Engineering of Fibrous Smart Materials

The Engineering of Fibrous Smart Materials (EFSM) group is a part of the Faculty of Engineering Technology with important strategic objectives – building and extending necessary knowledge and expertise to support the textile and related industry in the Netherlands in their need to develop a strong international position.

Our mission

  • Transfer progress in interface and colloid science into fibre and fabric technology
  • Research and knowledge creation on smart textiles at fibre level
  • Implementation of the research results into education and training
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IN TEXTILE PROCESSES, DIFFERENT DISCIPLINES MEET – PHYSICAL CHEMISTRY, BIO-TECHNOLOGY, MATERIALS SCIENCE AND PROCESS ENGINEERING.

The research program focuses on performance targeting and the intensification of different textile processes, containing:

NEW APPROACHES FOR TEXTILE FUNCTIONALIZATION

  • Functionalization of textiles using microgel technique: To provide new textile materials for specific advanced applications, e.g. medical, safety and care, textiles with conventional properties but desire functionalities will be created by modification of their surfaces. This modification will be done in several ways, based on stimuli-responsible hydrogel microparticles consisting of chitosan and other biocompatible polymers to achieve systems with “intelligent” liquid management properties.
  • Functionalization of textiles by digitally micro-disposing fluids: The main goal of these studies is to develop and implement a new technology based on a novel environmental friendly flexible digital process including micro-disposing of multi-functional liquids over textile substrates by means of a multi-nozzle jetting (inkjet printing technology). One example is to develop single sided hydrophobic fabrics without affecting the open weave structure.

PROVIDING CONTROLLED-RELEASE FUNCTIONALITIES

Textile materials with controlled released properties can release chemicals in a controlled way. The studies are focuses on understanding of chemical and physical principles surrounding controlled release systems, i.e. identifying suitable host systems (e.g. cyclodextrins) as well as suitable guest chemicals (e.g. with anti-microbial properties, drugs) to be included in the host systems.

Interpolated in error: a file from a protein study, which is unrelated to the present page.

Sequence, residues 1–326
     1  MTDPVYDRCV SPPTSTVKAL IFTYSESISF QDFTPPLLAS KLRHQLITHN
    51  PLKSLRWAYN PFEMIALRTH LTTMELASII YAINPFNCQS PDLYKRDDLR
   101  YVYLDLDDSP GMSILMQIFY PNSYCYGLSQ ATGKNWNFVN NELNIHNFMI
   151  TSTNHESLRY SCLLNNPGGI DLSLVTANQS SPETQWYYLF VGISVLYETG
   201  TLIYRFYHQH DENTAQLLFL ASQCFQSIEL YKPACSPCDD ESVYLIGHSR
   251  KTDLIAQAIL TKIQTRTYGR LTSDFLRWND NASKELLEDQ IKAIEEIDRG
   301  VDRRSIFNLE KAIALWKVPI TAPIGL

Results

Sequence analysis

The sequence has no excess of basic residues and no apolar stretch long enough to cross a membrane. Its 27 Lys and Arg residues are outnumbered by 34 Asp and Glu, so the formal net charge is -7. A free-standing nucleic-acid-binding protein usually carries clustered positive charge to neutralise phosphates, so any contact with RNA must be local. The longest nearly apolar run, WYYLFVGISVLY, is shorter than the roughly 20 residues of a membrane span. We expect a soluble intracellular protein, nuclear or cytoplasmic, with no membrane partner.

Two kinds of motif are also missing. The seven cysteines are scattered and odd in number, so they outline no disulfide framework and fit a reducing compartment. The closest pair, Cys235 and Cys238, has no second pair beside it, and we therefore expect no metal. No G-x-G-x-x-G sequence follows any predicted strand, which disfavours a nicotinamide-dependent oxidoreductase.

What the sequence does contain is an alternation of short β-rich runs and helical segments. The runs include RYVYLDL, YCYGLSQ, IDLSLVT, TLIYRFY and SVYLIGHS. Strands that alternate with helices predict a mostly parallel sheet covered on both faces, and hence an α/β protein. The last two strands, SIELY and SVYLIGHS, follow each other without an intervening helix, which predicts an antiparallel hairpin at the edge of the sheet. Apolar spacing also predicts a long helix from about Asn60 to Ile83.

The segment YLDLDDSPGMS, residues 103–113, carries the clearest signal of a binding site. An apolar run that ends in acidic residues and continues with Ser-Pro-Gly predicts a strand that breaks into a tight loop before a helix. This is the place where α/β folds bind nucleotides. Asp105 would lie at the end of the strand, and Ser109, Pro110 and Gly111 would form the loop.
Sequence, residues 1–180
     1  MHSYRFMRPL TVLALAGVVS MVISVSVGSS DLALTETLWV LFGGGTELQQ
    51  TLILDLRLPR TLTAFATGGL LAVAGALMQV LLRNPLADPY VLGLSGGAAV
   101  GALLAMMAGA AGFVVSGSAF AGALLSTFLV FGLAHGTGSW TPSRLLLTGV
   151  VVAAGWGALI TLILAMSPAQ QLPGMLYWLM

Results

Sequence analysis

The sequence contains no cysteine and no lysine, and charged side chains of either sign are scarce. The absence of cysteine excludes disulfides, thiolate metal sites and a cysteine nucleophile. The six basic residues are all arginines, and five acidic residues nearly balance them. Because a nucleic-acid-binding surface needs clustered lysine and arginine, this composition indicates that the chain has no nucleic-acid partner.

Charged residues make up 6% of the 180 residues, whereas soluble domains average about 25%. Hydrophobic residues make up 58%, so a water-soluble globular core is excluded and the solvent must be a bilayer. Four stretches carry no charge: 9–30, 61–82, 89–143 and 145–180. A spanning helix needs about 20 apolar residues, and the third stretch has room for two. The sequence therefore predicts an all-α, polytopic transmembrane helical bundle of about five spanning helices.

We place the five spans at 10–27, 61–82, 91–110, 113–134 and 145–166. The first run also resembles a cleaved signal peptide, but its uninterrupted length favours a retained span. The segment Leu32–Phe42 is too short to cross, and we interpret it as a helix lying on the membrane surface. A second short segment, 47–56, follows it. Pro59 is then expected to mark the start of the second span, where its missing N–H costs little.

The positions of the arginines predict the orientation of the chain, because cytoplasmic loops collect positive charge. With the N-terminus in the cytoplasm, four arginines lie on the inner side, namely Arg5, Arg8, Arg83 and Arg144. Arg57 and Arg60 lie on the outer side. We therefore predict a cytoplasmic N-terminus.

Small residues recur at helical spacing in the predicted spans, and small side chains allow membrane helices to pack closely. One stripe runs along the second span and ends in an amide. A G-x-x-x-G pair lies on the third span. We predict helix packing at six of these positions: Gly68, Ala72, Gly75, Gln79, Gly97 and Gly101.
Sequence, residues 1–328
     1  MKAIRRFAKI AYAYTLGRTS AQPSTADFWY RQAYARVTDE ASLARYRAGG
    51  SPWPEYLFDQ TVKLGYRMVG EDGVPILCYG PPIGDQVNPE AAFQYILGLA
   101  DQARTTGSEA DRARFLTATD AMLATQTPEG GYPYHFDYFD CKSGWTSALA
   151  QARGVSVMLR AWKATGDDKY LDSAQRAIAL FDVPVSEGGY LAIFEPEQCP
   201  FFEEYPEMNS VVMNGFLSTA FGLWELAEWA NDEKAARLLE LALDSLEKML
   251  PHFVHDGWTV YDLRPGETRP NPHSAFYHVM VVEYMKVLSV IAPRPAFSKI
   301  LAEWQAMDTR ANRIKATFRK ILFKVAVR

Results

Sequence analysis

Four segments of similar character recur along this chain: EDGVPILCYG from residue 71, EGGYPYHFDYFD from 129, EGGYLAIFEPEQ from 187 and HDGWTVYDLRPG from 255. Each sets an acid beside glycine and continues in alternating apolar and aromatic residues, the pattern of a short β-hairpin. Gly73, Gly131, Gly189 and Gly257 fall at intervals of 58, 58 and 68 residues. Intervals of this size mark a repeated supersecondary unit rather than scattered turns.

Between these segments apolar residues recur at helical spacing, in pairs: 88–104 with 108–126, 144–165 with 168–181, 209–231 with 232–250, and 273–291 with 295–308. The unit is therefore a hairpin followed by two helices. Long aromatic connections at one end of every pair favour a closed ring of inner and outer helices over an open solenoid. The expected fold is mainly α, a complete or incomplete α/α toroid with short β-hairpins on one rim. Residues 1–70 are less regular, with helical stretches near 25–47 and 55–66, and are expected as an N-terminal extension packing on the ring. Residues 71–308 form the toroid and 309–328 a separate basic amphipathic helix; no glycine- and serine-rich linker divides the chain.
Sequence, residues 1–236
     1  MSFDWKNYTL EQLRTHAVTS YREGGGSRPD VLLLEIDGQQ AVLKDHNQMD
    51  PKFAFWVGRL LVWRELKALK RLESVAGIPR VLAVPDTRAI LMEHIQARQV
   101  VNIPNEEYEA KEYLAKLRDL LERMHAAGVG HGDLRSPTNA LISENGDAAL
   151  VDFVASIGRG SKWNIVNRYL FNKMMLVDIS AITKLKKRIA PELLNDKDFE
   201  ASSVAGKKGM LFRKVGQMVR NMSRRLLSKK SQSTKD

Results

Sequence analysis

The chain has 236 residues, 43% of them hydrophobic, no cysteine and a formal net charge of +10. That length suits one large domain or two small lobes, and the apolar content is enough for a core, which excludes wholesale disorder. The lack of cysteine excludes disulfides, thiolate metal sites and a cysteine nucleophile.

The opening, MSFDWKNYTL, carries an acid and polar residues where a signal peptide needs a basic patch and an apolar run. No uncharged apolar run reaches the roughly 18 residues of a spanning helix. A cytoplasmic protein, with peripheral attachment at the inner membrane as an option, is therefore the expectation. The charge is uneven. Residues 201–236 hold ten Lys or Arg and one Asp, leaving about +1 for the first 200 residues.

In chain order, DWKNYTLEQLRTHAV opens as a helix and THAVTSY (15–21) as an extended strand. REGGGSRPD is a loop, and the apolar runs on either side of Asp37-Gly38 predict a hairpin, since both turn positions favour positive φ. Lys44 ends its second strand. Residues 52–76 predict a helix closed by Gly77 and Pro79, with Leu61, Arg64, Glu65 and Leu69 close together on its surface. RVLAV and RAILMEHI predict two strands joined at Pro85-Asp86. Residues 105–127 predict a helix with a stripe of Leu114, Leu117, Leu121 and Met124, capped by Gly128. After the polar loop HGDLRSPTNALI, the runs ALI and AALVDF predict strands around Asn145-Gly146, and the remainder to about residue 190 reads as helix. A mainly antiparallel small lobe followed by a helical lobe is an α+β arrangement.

CATALYSIS

Before dyeing or printing textile materials, fabrics have to be pre-treated for a better accessibility of dye molecules. In cotton pre-treatment, the fabric is desized, scored and bleached. These processes can be performed at elevated temperatures and high concentrations of hydrogen peroxide and sodium hydroxide. In our research program, new processes will be developed to treat textile materials, using oxidative catalysis which can be performed at much lower temperatures (40C) and with a significant reduction of chemicals, contributing to direct and indirect energy savings, respectively.

BIO-CATALYSIS

Due to increasing governmental and environmental restrictions and the freshwater availability, textile processes will be substantially shifted. Research initiative taken by the Textile Technology Group aims to fundamental enzyme studies and their application in textile environmental friendly processing. The focus is on (i) cellulase technology in modification of cellulosic materials, e.g. to enhance strength of recycled fibres; (ii) pectinase technology towards an enzymatic scouring process for cotton containing textiles; (iii) enzymatic modification of synthetic fibres (polyamide, polyester and polyacrylonitrile).

SURFACE TOPOGRAPHY AND WETTING DYNAMICS

Surface properties are the result of nano-, meso- and macroscopic characteristics of materials. Surface topography influences wetting properties. The knowledge of liquid flow in porous textiles materials is often limited, and process conditions are often chosen on an empirical basis. Advances in characterization of surface properties of textile materials make it possible to relate macro- and mesoscopic properties to them at a nanometer level, even under conditions far from equilibrium. On the basis, relationships between topography, wettability and construction parameters of textile materials are developed.

More information about the research performed can be found in research projects